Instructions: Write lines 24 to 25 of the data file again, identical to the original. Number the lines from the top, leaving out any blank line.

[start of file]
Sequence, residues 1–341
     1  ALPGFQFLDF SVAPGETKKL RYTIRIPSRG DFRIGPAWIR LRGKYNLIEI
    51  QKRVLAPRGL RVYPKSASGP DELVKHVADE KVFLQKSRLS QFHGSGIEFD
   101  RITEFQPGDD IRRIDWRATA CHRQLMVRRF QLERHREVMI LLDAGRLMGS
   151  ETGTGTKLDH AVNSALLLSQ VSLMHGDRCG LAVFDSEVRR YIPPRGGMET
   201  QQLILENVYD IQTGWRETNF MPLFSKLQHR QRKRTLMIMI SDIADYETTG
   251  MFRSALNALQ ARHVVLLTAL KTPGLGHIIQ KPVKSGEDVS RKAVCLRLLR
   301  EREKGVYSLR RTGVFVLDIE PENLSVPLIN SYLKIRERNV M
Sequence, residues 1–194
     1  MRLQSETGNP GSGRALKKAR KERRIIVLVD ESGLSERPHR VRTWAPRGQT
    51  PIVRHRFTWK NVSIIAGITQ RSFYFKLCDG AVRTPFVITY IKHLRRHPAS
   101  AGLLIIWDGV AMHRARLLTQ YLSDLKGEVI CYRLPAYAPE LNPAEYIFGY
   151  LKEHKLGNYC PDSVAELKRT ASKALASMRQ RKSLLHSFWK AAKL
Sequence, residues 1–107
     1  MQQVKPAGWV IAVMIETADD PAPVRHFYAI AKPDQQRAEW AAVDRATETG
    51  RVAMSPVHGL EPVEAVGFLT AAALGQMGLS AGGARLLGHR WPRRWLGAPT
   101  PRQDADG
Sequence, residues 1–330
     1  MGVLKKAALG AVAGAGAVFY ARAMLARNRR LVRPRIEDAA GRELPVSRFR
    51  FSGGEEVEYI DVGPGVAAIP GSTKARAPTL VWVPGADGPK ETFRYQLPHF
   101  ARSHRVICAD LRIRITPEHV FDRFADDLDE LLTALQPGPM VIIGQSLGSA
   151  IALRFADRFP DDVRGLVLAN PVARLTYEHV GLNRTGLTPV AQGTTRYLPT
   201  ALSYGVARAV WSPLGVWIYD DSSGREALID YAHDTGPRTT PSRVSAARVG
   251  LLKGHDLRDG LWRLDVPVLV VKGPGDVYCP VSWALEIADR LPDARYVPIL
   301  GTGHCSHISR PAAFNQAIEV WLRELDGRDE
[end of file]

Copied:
   251  LLKGHDLRDG LWRLDVPVLV VKGPGDVYCP VSWALEIADR LPDARYVPIL
   301  GTGHCSHISR PAAFNQAIEV WLRELDGRDE